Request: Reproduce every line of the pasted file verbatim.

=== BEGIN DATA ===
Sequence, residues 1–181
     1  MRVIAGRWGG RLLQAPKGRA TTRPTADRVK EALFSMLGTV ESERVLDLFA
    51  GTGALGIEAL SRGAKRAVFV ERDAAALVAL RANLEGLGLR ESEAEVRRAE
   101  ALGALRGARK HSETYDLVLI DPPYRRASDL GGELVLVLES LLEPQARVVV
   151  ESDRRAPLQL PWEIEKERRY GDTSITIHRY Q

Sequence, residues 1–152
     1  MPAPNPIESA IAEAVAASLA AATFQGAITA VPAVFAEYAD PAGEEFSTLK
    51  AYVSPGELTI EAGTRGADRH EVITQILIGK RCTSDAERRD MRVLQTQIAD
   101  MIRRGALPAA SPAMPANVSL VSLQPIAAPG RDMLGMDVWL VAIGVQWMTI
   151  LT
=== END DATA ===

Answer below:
Sequence, residues 1–181
     1  MRVIAGRWGG RLLQAPKGRA TTRPTADRVK EALFSMLGTV ESERVLDLFA
    51  GTGALGIEAL SRGAKRAVFV ERDAAALVAL RANLEGLGLR ESEAEVRRAE
   101  ALGALRGARK HSETYDLVLI DPPYRRASDL GGELVLVLES LLEPQARVVV
   151  ESDRRAPLQL PWEIEKERRY GDTSITIHRY Q

Sequence, residues 1–152
     1  MPAPNPIESA IAEAVAASLA AATFQGAITA VPAVFAEYAD PAGEEFSTLK
    51  AYVSPGELTI EAGTRGADRH EVITQILIGK RCTSDAERRD MRVLQTQIAD
   101  MIRRGALPAA SPAMPANVSL VSLQPIAAPG RDMLGMDVWL VAIGVQWMTI
   151  LT